by Iswarya on  August 11, 2020 at 10:20 AM Environmental Health
Driving with Car Windows Open can Expose You to More Pollution
Think twice before rolling down your car windows for fresh air next time because the windows-open setting can expose car passengers to hotspots of air pollution. The findings of the study are published in the journal Science of The Total Environment.

For the study, the research team investigated air pollution exposure levels for commuters in 10 different global cities across the world, including Chennai.

"To be blunt, we need as many cars as possible off the road, or more green vehicles to reduce air pollution exposure," said study researcher Prashant Kumar from the University of Surrey in the UK.

"Air-conditioned cars are unattainable for many poor and vulnerable commuters across the world, but our data is clear and coherent for all ten participating cities," Kumar added.

According to the World Health Organisation (WHO), air pollution kills an estimated seven million people worldwide every year, and nine out of 10 people breathe air with high levels of pollutants.

The research team investigated PM2.5 and PM10 exposure levels inside vehicles during peak hours in the morning and evening, as well as off-peak hours in the middle of the day.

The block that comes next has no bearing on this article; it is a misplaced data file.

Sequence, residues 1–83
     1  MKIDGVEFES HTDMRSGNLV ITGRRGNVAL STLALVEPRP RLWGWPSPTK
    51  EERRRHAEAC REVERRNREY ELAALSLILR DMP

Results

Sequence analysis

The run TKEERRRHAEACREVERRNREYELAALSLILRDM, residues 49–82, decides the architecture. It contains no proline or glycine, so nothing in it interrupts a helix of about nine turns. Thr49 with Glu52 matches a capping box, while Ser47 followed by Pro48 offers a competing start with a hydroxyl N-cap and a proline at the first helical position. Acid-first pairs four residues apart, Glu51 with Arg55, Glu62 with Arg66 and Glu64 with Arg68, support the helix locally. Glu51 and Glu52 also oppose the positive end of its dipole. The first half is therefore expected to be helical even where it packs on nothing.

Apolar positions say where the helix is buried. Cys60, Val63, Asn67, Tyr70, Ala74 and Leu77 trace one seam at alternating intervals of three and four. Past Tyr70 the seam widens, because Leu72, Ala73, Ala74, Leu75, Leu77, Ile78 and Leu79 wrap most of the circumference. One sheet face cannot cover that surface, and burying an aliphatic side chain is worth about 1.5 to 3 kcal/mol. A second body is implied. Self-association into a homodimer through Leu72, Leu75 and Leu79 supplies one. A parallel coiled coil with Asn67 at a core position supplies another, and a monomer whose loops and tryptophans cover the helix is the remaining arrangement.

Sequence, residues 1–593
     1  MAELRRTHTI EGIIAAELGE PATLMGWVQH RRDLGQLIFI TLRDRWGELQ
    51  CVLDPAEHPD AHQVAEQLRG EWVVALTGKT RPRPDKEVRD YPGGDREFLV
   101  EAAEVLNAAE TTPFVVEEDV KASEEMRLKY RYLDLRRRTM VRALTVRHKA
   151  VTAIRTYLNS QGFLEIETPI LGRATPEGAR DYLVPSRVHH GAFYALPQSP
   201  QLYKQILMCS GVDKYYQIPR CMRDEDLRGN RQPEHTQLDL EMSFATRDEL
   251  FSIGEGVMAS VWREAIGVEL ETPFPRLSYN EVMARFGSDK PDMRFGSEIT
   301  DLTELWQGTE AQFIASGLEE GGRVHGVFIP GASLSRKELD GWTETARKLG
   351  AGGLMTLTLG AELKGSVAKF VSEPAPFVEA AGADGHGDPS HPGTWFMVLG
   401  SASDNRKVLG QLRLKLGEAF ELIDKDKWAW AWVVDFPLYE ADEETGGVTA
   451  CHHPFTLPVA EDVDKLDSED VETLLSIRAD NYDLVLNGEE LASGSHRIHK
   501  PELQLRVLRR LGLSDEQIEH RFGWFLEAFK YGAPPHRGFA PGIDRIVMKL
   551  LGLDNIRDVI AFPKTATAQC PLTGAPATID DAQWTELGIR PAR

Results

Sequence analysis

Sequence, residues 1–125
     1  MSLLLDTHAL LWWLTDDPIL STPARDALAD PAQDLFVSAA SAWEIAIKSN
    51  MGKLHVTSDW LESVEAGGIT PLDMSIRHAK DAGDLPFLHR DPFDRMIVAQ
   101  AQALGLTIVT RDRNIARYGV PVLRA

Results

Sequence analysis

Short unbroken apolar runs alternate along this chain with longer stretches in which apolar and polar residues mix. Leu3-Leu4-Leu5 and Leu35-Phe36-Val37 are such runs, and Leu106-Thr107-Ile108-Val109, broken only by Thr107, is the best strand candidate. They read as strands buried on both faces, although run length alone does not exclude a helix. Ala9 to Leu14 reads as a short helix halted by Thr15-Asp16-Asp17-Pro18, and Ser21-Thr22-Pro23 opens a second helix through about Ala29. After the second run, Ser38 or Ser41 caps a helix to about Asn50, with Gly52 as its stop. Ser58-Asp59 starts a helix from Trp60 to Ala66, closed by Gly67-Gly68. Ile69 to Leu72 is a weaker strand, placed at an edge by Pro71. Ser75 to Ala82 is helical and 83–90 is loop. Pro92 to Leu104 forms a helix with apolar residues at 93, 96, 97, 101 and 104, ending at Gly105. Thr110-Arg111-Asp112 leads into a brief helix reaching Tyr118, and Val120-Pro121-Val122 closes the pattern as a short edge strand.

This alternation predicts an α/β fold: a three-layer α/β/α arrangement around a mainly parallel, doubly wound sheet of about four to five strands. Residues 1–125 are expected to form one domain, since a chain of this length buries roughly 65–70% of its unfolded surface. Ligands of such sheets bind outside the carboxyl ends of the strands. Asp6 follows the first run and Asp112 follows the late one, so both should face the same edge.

The scientists measured how exposure levels changed when drivers used recirculation systems, fans, and simply opened the windows.

The study discovered that drivers in some of the world's poorest cities experienced higher levels of in-car pollution.

Irrespective of the city and car model used, a windows-open setting showed the highest exposure, followed by fan-on and recirculation.

Pollution exposure for windows-open during off-peak hours was 91 percent and 40 percent less than morning and evening peak hours, respectively.

The study also found that the windows-open setting exposed car passengers to hotspots of air pollution for up to a third of the total travel length.

The findings also showed that commuters who turn on the recirculation are exposed to around 80 percent less harmful particles than those who open their car windows.

Car cabin filters were more effective in removing pollution than fine particles, suggesting that if new cars had more efficient filters, it could reduce the overall exposure of car commuters.

"The study has drawn important conclusions that can help commuters make decisions in their day-to-day lives to protect their health," said study researcher Abdus Salam from the University of Dhaka in Bangladesh.

"Simple choices, like traveling during off-peak hours, can go a long way in reducing their exposure to air pollution," Salam said.

Source: IANS

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